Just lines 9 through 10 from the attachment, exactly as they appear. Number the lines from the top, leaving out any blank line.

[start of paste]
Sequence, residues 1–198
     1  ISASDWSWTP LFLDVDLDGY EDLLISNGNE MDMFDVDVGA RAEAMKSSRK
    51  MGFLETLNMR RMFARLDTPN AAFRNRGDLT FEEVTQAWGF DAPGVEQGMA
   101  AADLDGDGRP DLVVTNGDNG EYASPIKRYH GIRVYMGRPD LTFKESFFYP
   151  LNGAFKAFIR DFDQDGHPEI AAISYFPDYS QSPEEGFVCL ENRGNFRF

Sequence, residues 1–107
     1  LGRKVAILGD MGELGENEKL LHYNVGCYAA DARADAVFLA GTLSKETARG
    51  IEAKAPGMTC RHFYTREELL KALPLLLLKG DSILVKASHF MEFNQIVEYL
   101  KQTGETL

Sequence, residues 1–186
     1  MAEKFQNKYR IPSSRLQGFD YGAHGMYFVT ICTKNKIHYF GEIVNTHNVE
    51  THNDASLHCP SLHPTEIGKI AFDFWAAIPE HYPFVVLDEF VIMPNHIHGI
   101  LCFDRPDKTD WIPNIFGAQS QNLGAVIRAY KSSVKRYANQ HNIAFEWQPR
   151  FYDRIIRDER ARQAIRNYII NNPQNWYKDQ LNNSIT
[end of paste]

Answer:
   101  KQTGETL

Sequence, residues 1–186